First Published in Psychiatric News Alert
The number of individuals prescribed buprenorphine for opioid use disorder (OUD) during the first year of the COVID-19 pandemic increased steadily after the federal government instituted policies that allowed for greater use of telehealth, according to a report in AJP in Advance.
“The majority of visits shifted to telehealth, with telephone visits outnumbering video visits,” wrote Lewei (Allison) Lin, M.D., M.S., of the University of Michigan Addiction Center, and colleagues.
Key policy changes, implemented in March 2020, expanded telehealth access for patients; for example, patients were no longer required to travel to a qualifying “originating site” for telehealth encounters, regardless of geographic location. Later, the government allowed permanent payment for audio-only telehealth encounters.
Lin and colleagues used data from the Veterans Health Administration (VHA) to compare trends in buprenorphine treatment before and after the COVID-19 policy changes were implemented in March 2020. They compared the number of patients receiving buprenorphine from March 2019 to February 2020 (before policy changes) with those receiving buprenorphine from March 2020 to February 2021 (after policy changes).
The main outcome was the monthly number of patients receiving buprenorphine treatment for OUD (at least one day that month). They also examined the number of patients continuing buprenorphine treatment (defined as those who received any buprenorphine in the previous three months) and the number of patients who started treatment (defined as those with no buprenorphine fills covering any days in the previous three months).
The number of VHA patients receiving buprenorphine for OUD increased 14% from 13,415 in March 2019 to 15,339 in February 2021. Between March 2019 and February 2020, the number of patients receiving buprenorphine increased significantly by 103 patients per month. In the first month after the COVID-19 policy changes, there was an immediate increase of 265 patients receiving buprenorphine, the authors noted, and this number continued to increase by 47 patients per month.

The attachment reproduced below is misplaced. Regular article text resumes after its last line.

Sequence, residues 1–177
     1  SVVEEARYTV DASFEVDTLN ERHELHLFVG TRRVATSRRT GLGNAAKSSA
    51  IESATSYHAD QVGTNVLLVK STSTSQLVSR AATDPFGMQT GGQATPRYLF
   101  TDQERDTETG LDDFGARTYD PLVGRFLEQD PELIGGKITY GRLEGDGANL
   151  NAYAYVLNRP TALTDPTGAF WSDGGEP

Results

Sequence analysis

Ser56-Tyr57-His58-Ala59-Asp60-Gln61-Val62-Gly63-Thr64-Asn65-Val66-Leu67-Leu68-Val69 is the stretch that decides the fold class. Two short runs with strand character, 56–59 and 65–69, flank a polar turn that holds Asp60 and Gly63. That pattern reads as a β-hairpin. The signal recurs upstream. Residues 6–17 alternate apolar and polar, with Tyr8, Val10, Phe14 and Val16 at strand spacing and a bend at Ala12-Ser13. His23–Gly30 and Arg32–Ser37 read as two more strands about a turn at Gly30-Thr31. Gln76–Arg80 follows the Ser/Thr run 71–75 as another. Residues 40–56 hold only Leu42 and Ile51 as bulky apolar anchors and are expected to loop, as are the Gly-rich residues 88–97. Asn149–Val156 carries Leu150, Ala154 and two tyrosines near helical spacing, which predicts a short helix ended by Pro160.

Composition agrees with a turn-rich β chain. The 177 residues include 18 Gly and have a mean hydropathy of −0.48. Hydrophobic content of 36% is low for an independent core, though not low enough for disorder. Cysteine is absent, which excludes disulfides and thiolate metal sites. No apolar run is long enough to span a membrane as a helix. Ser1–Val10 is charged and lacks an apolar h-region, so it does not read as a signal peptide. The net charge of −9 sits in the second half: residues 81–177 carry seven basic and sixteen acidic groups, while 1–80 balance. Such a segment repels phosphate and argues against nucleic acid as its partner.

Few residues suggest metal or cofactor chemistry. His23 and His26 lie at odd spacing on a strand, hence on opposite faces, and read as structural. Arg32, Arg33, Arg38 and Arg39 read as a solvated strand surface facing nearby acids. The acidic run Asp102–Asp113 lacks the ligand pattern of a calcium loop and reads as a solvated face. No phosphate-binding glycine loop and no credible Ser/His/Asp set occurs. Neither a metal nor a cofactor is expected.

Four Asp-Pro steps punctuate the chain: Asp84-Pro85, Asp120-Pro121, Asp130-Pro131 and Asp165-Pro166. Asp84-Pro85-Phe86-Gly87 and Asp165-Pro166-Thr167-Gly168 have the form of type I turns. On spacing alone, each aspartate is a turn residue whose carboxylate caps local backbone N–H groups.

The number of patients continuing buprenorphine treatment increased at a rate of 107 per month between March 2019 and February 2020, and the rate continued to increase at 53 patients per month after the policy changes. The number of patients who started treatment decreased overall across both periods, but the rate of decrease was not statistically significant.
“[B]uprenorphine treatment for OUD was maintained during the COVID-19 pandemic through a rapid shift to telehealth, suggesting that any future changes to telehealth policies must be carefully considered, as they could have major implications for patient care,” the authors wrote.
Paper Cited: Lin, L., Zhang, L., Kim, H. M., & Frost, M. C. (2022). Impact of COVID-19 Telehealth Policy Changes on Buprenorphine Treatment for Opioid Use Disorder. American Journal of Psychiatry, appi: ajp.https://doi.org/10.1176/appi.ajp.21111141.